There once was a boy named, Earnest.
You don’t like that name? Neither did Earnest. He especially hated it when people called him Ernie. But Ernest was his name. And though he didn’t like it, his parents did. This, of course, is why they gave him this name. And do you know what Earnest means? It means; sincere.
Earnest had an older brother named True. Now, that was a name Earnest liked. Why couldn’t he have been given that name, he often wondered. There were a lot of things Earnest didn’t necessarily like about himself. He was a very solemn child, giving serious thought to such grave matters as the problem with his name as well as to the problems he believed existed in his village.
See, he lived in a beautiful village called Wisdom. But surrounding his village were other villages which Earnest had visited. Intellect was to the west of Wisdom, Folly to the east. Just south of where Earnest lived was Wealth. There was another village Earnest knew of; the village of Glory. Earnest had heard of it, but had not yet traveled there. It was so far north that it would take several days travel to arrive there. So, of the surrounding villages, it was the first three mentioned where Earnest most often played when not at home.
It should be mentioned that although Wisdom was not a said enemy to the three villages of Folly, Intellect and Wealth, neither could Wisdom consider them allies. Ernest was encouraged by his parents to stay in his own village to play, yet not exactly forbidden from doing otherwise. So, when finished with his required reading, sometimes he made his way to these other villages, where he had friends.
Now, Earnest loved his home. His parents were very good and kind. The villagers, too, were people of honor. And the village of Wisdom was, indeed, beautiful. But the other villages were, well, glamorous. The houses were bigger (if not sturdy), the buildings shinier, even the grass, fluffier, although Earnest suspected it might not be real grass.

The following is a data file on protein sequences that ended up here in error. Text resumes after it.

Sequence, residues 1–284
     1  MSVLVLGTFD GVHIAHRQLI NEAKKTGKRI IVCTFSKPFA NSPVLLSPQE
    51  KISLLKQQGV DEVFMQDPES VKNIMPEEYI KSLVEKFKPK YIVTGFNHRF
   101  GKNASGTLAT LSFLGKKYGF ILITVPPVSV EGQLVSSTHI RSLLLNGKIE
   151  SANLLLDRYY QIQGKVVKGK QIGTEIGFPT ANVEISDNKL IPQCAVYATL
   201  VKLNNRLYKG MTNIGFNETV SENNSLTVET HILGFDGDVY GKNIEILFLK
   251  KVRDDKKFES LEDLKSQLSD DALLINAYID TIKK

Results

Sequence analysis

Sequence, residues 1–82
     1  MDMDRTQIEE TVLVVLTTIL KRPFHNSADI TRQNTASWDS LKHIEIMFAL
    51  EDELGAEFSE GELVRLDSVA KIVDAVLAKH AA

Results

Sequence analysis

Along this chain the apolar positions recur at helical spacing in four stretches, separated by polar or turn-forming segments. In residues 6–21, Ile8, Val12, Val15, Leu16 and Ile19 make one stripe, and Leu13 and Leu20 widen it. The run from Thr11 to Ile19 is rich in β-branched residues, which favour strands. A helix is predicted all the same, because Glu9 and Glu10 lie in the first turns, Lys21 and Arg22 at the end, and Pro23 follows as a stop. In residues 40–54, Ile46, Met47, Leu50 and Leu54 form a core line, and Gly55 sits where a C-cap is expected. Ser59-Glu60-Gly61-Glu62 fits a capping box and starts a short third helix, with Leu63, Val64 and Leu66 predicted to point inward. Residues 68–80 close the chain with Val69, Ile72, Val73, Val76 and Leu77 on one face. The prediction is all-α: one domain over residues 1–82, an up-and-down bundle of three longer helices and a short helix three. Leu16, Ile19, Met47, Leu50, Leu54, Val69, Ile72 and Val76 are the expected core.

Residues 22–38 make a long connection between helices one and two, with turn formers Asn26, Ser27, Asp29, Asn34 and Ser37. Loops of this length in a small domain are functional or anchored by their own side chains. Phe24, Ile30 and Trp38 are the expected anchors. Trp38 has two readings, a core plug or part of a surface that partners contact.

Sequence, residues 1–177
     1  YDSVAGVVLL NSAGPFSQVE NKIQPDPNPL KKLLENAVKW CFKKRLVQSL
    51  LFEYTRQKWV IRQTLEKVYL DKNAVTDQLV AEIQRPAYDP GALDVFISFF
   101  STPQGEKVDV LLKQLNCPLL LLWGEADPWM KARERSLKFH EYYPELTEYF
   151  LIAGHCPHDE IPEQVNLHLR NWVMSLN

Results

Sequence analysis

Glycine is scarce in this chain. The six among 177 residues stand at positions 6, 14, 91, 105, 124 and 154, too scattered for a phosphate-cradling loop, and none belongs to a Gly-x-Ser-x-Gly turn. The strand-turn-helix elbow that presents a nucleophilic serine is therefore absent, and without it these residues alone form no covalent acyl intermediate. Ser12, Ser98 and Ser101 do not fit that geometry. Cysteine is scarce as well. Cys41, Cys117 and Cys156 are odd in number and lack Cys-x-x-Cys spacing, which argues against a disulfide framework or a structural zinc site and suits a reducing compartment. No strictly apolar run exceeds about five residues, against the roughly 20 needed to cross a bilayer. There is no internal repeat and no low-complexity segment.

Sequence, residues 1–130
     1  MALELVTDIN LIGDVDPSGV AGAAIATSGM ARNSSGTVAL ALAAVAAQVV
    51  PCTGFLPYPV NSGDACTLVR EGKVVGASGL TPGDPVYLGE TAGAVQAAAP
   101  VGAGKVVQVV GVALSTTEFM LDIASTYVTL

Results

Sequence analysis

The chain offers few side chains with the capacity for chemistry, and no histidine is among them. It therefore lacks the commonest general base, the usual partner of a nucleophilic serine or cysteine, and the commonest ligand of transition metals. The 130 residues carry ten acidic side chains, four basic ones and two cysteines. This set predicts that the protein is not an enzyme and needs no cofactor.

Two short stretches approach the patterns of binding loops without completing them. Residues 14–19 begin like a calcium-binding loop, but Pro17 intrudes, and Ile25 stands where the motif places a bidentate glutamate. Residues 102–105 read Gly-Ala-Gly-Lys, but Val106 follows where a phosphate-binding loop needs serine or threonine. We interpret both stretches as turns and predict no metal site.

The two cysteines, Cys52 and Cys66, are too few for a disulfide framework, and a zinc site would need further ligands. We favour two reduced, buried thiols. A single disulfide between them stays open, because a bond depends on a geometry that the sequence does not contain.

But the real discrepancy between his village and the others was in the way the villages were governed. In the village of Wisdom, it seemed that many of the important duties were reserved for the elders but in the villages of Intellect, Wealth and Folly, age was of little importance. And so Ernest’s friends had responsibilities which Ernest didn’t. For example, in Wealth, Ernest’s friend, Edward was given the job of money counter and Henry, from Intellect was a soldier already. Now, granted, Wisdom did not engage in warfare and neither was money much needed but still, Ernest longed for the day his services would be required. He wanted to feel important.
He once expressed this to his father who had merely replied that Ernest was indeed important but that currently he was not ready for all that would be eventually asked of him.
“Keep reading our book,” instructed his father. “You’ll need it one day.”
Ernest was encouraged to hear that someday he would be called upon (though he knew not yet in what way and fairly doubted that his readings had much to do with anything) but was still a little disappointed that meanwhile, he seemed to lead an unfortunately less exciting life than that of his friends.
Yet, good boy that Ernest was, he followed his father’s instructions, diligently reading the sacred book, meditated on it day and night. As the years passed, Ernest found himself hungering for more of the book. He had read it from cover to cover but was astonished to find that each time he read, more was revealed. He also began to play less and less with his out of town friends yet he was never bored. He was learning such a great deal.
One day when he was by now full grown, Ernest’s father called for him.
“Ernest,” he said. “I am very proud of you, for you have hungered and thirsted after righteousness. You have lived up to your name. Now you will see why we have asked you for diligence. The job you will be given will require much of it. You still have a lot to learn. In fact, you will never cease to learn. But today you are ready to begin sharing with others what has been given to you.”
“What is my job, father?”
“You, Ernest, are to be a writer.”
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